• How much material would be needed to build the Death Star (from astanisic) You will obviously need some estimates here. If you want a second question, how long would it take to put this Death Star together. You can answer for both the first (Episode IV) and second (Episode VI) Death Stars – which are different sizes.

The physics of choking someone to deathAnd so on. In truth, it’s not one of his better Dot Physics posts, but only because he’s asking the questions and not explaining the answers. For instance, there is more to learn from his consideration of the vital question, “How much does Darth Vader weigh?”

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Twit le Monde

TweetpingTwitter is a curious beast, a nest of contradictions. To the one it is annoying and inane. To the other, it is fascinating and transformative. And, really, it depends on who you pay attention to. That is to say, sure my favorite novelist likes to tell the world what and when he’s drinking, or what he thinks the dog thinks, or the latest idea for a band name. But I like his sense of humor, so it’s hardly as annoying as a high school friend who constantly shares coupons and sale prices from various online and brick-and-mortar retailers via Facebook; my own Facebook page, incidentally, is littered with bad jokes about news, and updates on what beer I’m drinking. To the other, you can get important news updates, or find out what rock Curiosity is drilling, or even how far away the Voyager probes are. And, of course, there are the constant updates of who has posted what on the internet. (NovSci does not currently have a Facebook page or Twitter feed, but we are considering the merits.)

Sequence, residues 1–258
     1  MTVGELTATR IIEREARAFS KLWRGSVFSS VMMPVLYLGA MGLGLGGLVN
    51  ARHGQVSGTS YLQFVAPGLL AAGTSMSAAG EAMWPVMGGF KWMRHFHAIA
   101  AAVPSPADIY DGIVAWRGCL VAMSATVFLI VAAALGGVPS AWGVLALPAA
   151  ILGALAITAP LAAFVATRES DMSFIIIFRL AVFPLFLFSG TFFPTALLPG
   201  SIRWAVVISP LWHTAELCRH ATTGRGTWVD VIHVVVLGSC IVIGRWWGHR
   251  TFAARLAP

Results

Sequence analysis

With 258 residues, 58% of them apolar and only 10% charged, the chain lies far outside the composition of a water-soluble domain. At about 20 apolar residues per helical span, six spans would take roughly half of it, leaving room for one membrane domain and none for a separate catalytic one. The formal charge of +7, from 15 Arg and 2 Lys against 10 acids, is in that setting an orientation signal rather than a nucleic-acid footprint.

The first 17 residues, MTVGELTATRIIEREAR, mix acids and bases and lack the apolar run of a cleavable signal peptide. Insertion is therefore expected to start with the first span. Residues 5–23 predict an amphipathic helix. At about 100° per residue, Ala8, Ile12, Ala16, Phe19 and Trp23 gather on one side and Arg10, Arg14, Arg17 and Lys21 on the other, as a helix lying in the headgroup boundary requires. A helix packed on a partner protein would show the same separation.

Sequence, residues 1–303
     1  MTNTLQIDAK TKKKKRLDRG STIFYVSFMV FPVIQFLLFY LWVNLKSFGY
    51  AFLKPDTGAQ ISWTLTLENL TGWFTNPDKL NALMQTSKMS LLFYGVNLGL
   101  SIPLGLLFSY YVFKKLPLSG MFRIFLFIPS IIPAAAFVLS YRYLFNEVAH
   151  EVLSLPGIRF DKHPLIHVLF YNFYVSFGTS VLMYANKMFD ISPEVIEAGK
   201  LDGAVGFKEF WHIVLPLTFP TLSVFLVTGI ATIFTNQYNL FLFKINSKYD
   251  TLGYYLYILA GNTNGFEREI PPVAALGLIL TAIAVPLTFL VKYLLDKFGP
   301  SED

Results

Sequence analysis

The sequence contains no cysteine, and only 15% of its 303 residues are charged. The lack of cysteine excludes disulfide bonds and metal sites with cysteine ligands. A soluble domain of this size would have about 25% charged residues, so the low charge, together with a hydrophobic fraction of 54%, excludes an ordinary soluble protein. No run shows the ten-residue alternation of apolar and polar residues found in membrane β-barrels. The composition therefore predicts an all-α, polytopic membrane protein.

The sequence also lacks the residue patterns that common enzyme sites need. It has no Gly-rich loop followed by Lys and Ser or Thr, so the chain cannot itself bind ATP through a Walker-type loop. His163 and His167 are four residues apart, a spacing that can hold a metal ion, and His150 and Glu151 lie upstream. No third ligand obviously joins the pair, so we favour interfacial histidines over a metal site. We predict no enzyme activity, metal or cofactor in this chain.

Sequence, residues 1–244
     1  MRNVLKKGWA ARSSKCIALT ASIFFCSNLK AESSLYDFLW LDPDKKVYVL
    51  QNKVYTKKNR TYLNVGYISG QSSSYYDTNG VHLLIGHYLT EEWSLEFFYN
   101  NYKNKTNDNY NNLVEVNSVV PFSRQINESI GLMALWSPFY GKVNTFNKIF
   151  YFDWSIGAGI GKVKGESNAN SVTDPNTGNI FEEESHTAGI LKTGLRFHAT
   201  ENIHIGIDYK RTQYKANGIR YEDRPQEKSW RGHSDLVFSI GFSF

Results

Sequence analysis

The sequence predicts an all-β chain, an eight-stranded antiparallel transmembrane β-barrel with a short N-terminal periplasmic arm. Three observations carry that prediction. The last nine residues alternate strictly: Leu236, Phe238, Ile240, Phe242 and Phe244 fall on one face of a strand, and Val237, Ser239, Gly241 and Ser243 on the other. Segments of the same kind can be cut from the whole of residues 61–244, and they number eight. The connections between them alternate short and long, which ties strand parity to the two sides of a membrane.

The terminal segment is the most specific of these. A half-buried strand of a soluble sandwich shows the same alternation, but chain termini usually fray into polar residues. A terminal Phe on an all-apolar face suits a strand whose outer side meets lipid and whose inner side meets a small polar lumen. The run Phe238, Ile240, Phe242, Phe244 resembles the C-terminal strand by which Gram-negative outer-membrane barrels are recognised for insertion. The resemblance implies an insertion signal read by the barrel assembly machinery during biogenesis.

Enter Tweetping, which might actually be more interesting than Twitter itself. The site allows you to watch Twitter in realtime, and is strangely hypnotic.

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Creepadelica

Spiders!Science does have its creepy side. Then again, why would it not? Still, perhaps the phrase raining spiders ought to serve as a warning about what comes next.

And while the idea of spiders falling from the sky like rain is not entirely accurate, well, you get the picture. Arachnophobes might want to skip Nadia Drake’s report for Wired Science:

When 20-year-old web designer Erick Reis left a friend’s house on Sunday, he saw what looked like thousands of spiders overhead, reported G1, a Brazilian news site, on Feb. 8. The large, sturdy spiders were hanging from power lines and poles, and crawling around on a vast network of silk strands spun over the town of Santo Antonio da Platina.

Social spidersReis did what many of us might do: He pulled out his camera and shot a video of spiders seemingly falling from the sky.

As creeptastic is it may be, “The phenomenon observed is not really surprising,” said Leticia Aviles, who studies social spiders at the University of British Columbia. “Either social or colonial spiders may occur in large aggregations, as the one shown in the video.” The reason, she and others say, is simple: This is how they hunt.

Er … yeah. I’m not a fan of spiders. Ironically, I had a dream the night before I saw this article that had something to do with a staggering number of spiders. I have no idea why, or what it means. Forgive me, please, if I haven’t paused to dwell on the Freudian or Jungian interpretive values involved.